Is strongest if it is not an actual word
Is strongest if it is a mix of special characters, lowercase letters, capital letters and numbers.

Regular Backups

The last thing you need to do is make sure you are taking regular backups of your site files and database(s). That way should the unthinkable happen, you will at least have a backup safely stored away, which will certainly reduce your stress.

One of the most popular plugins for doing this is called UpdraftPlus. This will create a backup and then upload that backup to Dropbox for safe keeping. You can also email that backup to yourself. That’s because the Dropbox plugin keeps only one backup, so sending to yourself allows you to keep many versions.

Get busy, add your plugin(s), change your passwords, make your backups and make your site as secure as possible.

Its Easy to Protect Your WordPress Website Against Security Breaches

If you have a WordPress site, it is very important that you take at least the basic steps to ensure you are secure from hackers. This isn’t really ‘news,’ after all this has been known for a long time, yet still many people do not stop and consider website security when they are creating their sites. They don’t do any reading on the topic because it’s too technical and just plain boring, and far too often people think it won’t happen to them. Therefore, they also don’t do anything to protect their blog or site. The good news is that in under 30 minutes you can improve your security and not spend a cent.

#1 Change the ‘Admin’ Username

The default login for WordPress is ‘admin.’ Trouble is most users just keep it that way, making it incredibly easy for hackers to figure out your user name. Now they are already half logged into your site. Change the ‘admin’ login into something new! Be sure to attribute your admin posts to your new user before deleting the admin user account.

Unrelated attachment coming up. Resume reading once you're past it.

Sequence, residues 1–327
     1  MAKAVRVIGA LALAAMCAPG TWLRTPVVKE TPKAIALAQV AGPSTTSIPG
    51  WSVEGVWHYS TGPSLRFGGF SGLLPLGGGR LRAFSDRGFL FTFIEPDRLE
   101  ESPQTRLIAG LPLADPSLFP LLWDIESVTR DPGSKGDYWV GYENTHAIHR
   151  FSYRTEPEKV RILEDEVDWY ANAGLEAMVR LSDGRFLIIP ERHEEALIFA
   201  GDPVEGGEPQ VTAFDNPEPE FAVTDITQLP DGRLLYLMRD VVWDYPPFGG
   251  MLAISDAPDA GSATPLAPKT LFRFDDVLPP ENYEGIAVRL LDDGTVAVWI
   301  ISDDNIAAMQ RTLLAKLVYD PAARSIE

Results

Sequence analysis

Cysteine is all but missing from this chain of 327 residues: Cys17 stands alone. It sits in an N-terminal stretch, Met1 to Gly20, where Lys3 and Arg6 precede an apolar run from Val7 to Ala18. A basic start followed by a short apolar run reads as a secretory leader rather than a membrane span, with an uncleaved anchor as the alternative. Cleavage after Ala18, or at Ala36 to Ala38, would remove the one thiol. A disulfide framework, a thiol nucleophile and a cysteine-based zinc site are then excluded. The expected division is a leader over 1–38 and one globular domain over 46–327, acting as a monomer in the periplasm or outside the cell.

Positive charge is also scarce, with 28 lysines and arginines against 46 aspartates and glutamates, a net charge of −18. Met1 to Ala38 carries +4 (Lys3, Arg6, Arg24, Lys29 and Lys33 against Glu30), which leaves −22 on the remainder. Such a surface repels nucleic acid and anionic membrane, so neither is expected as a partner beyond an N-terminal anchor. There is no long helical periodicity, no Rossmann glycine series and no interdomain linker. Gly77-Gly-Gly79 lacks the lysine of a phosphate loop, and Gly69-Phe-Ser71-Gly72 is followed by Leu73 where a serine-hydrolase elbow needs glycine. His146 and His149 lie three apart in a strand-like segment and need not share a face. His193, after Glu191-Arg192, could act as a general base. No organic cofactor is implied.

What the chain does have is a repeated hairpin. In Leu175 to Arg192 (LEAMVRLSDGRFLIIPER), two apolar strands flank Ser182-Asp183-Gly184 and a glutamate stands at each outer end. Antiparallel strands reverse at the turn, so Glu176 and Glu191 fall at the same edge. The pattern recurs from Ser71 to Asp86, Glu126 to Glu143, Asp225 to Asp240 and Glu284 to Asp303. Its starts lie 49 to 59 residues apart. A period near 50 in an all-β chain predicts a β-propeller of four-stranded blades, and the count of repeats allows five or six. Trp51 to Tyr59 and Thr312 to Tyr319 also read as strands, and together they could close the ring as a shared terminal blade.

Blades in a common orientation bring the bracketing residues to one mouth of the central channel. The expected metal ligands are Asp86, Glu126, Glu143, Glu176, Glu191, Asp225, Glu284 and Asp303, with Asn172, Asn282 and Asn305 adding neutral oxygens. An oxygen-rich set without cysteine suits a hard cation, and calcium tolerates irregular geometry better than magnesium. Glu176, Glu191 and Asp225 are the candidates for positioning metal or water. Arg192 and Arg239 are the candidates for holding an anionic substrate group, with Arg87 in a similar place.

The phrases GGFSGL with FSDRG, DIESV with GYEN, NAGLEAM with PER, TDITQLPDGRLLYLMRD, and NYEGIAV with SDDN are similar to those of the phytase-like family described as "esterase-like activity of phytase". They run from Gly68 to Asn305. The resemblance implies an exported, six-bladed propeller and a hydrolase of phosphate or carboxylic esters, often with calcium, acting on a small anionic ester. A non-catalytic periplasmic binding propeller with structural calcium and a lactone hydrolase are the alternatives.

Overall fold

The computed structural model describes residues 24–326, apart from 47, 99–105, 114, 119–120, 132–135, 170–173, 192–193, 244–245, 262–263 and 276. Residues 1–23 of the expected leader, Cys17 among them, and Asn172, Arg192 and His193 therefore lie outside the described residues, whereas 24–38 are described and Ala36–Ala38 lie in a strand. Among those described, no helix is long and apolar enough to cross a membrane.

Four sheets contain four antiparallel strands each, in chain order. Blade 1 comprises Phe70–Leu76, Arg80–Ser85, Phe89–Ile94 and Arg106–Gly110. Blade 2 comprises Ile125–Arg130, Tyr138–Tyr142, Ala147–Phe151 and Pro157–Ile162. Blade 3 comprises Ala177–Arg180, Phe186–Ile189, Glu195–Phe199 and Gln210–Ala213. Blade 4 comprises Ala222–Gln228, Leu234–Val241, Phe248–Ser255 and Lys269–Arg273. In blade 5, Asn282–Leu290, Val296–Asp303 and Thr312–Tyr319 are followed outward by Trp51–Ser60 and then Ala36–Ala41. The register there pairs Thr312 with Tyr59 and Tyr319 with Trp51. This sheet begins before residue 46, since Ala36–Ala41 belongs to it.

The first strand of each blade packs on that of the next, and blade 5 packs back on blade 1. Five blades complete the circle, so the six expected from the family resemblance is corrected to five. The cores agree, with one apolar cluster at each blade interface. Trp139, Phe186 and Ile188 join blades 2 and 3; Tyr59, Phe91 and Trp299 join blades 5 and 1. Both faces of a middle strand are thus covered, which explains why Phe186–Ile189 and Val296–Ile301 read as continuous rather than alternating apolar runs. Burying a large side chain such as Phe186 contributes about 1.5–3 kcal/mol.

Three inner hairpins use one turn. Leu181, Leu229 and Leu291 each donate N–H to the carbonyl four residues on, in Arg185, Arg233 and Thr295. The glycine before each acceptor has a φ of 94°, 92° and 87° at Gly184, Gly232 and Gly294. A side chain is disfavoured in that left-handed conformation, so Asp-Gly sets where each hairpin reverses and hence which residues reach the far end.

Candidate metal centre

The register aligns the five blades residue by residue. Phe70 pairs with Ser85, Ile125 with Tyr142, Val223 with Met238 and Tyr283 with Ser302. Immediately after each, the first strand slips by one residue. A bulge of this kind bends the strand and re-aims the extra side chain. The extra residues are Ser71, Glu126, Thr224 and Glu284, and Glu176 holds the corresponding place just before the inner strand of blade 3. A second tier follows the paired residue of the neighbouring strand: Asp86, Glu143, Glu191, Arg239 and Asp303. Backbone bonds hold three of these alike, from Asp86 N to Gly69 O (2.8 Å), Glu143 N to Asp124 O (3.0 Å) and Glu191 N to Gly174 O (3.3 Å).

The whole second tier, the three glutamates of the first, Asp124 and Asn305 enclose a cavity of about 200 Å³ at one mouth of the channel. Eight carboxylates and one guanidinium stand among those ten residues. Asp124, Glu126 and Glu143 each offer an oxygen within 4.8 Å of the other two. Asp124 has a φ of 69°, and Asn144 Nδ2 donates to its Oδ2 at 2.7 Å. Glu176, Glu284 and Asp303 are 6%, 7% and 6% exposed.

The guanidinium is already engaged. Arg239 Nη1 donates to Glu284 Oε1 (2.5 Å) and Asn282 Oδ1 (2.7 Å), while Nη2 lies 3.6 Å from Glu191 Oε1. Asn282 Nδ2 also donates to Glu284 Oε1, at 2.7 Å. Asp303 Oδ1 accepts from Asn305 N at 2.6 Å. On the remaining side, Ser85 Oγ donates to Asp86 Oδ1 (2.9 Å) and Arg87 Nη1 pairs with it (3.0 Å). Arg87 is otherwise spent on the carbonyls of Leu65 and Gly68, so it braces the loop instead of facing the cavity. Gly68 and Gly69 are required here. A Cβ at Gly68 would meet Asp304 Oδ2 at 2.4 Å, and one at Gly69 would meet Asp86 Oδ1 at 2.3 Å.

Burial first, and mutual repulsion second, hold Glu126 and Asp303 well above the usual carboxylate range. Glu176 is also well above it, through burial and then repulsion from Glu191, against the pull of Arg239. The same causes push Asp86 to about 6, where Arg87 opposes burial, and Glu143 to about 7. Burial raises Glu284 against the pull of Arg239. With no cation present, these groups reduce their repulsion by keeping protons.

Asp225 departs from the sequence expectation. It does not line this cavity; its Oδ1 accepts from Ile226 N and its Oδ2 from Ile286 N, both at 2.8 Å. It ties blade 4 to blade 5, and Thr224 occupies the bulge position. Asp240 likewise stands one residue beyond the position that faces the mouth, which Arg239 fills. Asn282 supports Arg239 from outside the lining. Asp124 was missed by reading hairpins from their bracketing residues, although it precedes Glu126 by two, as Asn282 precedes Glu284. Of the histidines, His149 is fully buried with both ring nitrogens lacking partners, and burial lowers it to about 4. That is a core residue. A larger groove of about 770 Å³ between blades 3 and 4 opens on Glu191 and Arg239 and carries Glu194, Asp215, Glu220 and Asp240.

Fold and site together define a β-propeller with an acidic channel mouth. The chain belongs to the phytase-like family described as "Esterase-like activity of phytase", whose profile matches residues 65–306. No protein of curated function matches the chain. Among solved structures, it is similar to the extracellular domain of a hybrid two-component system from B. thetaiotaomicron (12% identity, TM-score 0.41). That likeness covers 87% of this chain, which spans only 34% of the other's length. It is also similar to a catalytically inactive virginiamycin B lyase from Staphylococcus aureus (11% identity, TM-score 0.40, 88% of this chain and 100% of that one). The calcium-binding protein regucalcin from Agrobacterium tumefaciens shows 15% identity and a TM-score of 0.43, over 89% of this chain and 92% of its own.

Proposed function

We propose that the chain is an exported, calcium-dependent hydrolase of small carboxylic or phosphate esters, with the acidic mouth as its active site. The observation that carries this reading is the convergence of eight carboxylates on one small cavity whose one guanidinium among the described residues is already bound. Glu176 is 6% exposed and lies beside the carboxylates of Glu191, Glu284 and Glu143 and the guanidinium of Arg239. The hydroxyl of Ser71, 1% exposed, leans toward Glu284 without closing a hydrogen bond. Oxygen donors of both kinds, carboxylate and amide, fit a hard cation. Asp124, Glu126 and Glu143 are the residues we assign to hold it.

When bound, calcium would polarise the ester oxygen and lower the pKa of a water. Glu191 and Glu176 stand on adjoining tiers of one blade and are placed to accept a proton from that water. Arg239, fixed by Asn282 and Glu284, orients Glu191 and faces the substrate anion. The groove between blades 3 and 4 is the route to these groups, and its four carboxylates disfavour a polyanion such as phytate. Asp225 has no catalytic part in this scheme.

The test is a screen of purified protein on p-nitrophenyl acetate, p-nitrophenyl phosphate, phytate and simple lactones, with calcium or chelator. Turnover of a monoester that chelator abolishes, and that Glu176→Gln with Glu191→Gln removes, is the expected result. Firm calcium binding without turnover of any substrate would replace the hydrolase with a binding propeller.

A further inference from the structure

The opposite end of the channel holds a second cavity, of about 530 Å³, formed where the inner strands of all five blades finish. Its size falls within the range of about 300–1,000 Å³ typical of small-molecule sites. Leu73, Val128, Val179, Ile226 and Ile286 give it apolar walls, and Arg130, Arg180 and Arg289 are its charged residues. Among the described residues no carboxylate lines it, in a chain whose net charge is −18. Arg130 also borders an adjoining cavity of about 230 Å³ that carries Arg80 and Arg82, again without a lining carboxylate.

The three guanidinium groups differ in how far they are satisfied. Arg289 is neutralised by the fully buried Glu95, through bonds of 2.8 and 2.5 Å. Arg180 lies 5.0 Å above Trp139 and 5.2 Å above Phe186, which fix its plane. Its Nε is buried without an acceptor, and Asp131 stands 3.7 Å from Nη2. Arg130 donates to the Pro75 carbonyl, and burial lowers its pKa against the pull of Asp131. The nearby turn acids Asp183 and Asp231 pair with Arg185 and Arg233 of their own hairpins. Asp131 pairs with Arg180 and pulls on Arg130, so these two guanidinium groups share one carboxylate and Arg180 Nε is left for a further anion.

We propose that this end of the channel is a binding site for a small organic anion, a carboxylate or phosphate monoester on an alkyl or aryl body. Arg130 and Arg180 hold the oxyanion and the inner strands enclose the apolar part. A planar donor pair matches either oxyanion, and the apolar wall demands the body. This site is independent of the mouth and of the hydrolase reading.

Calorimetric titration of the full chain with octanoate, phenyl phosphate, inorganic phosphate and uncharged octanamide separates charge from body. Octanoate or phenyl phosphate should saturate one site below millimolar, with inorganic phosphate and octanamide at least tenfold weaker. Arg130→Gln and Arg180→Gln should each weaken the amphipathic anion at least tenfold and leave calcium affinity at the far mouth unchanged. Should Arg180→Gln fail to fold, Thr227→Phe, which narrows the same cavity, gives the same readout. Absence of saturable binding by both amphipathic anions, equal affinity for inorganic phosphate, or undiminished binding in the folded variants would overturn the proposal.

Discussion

#2 Create a Strong Password

Your WordPress is only as strong as your weakest link, and your password is often that weak link. Hackers use software that scrolls through hundreds of thousands of words looking for a match, which is why you should not be using a real word for your password. You should also not use a logical sequence of letters or numbers. So don’t use your pet’s name, your birthday, your phone number, etc. You can use a password generator to help you if you have trouble coming up with a strong password.

#3 Delete & Update

WordPress is known for being weak on security. The reality is WordPress is only insecure when the users do not keep it current. Any part of your website that isn’t running the latest version is always at a risk of being hacked. Hackers are constantly looking for vulnerabilities and if you aren’t staying current you are at risk. So make sure you are running the most current version of WordPress, installed plugins and themes.

#4 Limit the Login Attempts

Install a plugin that will limit the number of times a person can try to login before the site shuts them down. iThemes Security Pro lets you do this. When you limit the number of times one can try to access your site, you reduce the likelihood of being hacked.

That’s it – there’s plenty more so don’t stop after you’ve done these four things, but this is a great place to start.